Chen Ning Yang

National Medal of Science

Physical Sciences

For his pathbreaking research in theoretical physics, which he has influenced for many years by his profound questions and deep mathematical insight. His ideas have had great impact not only on theoretical developments but also on experiments in elementary particles and condensed matter.

For his pathbreaking research in theoretical physics, which he has influenced for many years by his profound questions and deep mathematical insight. His ideas have had great impact not only on theoretical developments but also on experiments in elementary particles and condensed matter.

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Birth
September 22, 1922
Age Awarded
64
Country of Birth
China
Key Contributions
Groundbreaking Research In Parity Symmetry
Awarded by
Ronald Wilson Reagan
Education
National Southwestern Associated University
University of Chicago
Accolades
Supported by NSF
Areas of Impact
Theory & Foundations
Affiliations
State University of New York at Stony Brook
Other Prizes
Nobel Prize
N

Nature is highly symmetric – from the structure of a snowflake to the Mickey Mouse-shaped water molecules it contains.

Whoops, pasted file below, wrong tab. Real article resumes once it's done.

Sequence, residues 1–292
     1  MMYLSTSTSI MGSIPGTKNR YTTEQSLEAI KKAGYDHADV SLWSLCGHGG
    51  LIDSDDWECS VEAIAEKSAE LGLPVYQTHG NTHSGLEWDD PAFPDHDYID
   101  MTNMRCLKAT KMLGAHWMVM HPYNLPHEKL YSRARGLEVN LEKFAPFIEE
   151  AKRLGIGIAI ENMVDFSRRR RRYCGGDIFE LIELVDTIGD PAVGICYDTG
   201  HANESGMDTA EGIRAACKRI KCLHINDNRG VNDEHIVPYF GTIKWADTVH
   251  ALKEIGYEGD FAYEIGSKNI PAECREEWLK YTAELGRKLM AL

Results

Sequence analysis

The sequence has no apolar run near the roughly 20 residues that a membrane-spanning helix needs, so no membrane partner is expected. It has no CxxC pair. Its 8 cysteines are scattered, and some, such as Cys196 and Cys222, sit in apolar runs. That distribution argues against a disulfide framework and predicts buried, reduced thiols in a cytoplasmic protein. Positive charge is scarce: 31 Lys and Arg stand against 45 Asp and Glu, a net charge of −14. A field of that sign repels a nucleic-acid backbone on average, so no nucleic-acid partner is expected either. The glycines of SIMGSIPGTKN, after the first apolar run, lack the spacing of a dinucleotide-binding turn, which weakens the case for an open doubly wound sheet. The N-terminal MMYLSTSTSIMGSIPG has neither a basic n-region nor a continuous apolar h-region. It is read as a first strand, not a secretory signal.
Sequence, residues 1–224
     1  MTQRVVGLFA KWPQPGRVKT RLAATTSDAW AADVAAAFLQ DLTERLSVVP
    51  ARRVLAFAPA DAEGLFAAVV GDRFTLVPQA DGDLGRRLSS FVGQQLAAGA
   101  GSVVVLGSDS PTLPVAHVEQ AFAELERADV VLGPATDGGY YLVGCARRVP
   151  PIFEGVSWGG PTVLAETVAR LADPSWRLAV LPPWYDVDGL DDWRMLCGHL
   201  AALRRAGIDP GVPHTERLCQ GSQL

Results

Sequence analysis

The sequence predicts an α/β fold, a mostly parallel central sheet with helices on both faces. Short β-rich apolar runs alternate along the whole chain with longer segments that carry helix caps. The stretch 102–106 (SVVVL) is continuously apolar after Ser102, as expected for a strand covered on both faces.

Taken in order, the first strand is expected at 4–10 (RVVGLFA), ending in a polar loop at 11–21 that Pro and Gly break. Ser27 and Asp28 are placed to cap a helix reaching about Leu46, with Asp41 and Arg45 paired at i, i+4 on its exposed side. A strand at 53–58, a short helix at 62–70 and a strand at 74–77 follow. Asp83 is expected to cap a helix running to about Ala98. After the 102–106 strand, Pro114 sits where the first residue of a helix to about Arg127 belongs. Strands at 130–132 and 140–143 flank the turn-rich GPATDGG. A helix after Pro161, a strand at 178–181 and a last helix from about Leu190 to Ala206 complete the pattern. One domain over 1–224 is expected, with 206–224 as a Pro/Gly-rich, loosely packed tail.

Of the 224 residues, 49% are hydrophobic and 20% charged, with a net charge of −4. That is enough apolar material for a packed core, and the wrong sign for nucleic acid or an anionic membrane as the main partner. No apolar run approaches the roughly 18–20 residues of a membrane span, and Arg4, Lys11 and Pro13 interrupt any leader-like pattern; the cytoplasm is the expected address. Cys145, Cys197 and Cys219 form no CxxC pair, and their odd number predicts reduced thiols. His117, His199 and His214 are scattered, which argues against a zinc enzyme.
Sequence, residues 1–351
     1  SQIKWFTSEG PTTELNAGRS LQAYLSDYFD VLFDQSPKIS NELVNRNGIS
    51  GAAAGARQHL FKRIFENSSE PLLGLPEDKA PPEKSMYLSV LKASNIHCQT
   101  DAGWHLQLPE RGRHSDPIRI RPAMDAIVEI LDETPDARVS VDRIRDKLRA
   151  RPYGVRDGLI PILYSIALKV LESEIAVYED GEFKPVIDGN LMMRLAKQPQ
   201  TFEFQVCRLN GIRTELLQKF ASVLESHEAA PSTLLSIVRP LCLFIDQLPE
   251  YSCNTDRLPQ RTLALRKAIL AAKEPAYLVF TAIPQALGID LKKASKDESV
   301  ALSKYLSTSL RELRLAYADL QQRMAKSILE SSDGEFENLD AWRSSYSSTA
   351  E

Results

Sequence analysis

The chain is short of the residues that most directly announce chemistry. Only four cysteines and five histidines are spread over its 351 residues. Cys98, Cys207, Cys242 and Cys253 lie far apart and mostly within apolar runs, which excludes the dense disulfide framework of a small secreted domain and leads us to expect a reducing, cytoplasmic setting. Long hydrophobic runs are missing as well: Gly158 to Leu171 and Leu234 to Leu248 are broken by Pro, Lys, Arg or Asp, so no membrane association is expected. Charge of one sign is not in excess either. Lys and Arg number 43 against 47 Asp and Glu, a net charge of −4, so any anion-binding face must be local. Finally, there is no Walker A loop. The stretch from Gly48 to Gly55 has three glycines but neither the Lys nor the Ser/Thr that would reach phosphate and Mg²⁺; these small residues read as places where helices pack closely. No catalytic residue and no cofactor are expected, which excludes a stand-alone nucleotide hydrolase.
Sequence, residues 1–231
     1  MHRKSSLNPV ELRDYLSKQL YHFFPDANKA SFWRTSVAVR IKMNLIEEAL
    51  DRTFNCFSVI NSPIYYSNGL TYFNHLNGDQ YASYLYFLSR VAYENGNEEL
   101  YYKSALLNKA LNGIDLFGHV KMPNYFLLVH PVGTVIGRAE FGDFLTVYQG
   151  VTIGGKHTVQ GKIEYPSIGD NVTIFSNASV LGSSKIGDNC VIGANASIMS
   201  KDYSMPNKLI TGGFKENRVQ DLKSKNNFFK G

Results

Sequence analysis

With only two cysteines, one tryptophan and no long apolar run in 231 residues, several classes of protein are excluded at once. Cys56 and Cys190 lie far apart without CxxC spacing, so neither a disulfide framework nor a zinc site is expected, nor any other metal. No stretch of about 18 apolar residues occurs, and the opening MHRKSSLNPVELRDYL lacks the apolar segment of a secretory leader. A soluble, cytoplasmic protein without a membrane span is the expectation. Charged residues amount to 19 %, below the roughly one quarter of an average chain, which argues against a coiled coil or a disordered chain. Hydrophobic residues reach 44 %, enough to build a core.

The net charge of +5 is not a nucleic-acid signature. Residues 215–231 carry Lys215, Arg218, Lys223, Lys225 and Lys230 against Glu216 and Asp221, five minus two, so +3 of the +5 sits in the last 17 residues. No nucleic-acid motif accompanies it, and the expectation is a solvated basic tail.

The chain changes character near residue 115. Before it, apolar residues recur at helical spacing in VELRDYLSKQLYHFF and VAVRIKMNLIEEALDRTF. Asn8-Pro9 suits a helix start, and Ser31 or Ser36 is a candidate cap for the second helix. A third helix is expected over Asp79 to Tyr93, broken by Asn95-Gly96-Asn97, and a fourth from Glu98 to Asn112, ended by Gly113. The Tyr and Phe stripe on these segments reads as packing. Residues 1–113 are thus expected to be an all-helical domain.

According to the concept of parity, these objects, which mirror each other, must obey the same physical laws.

Chen Ning Yang, a Chinese-American theoretical physicist, helped find an exception to this rule, showing that parity is violated when elementary particles – subatomic components like quarks and leptons – begin to decay.

This concept is called “weak interaction,” a condition that spawns radioactive decay, playing a key role in the fission that powers nuclear plants and weapons.

The discovery won Yang a Nobel Prize in 1957.

“I should like to say that I am as proud of my Chinese heritage and background as I am devoted to modern science, a part of human civilization of Western origin, to which I have dedicated and I shall continue to dedicate my work,” he said, accepting the honor.

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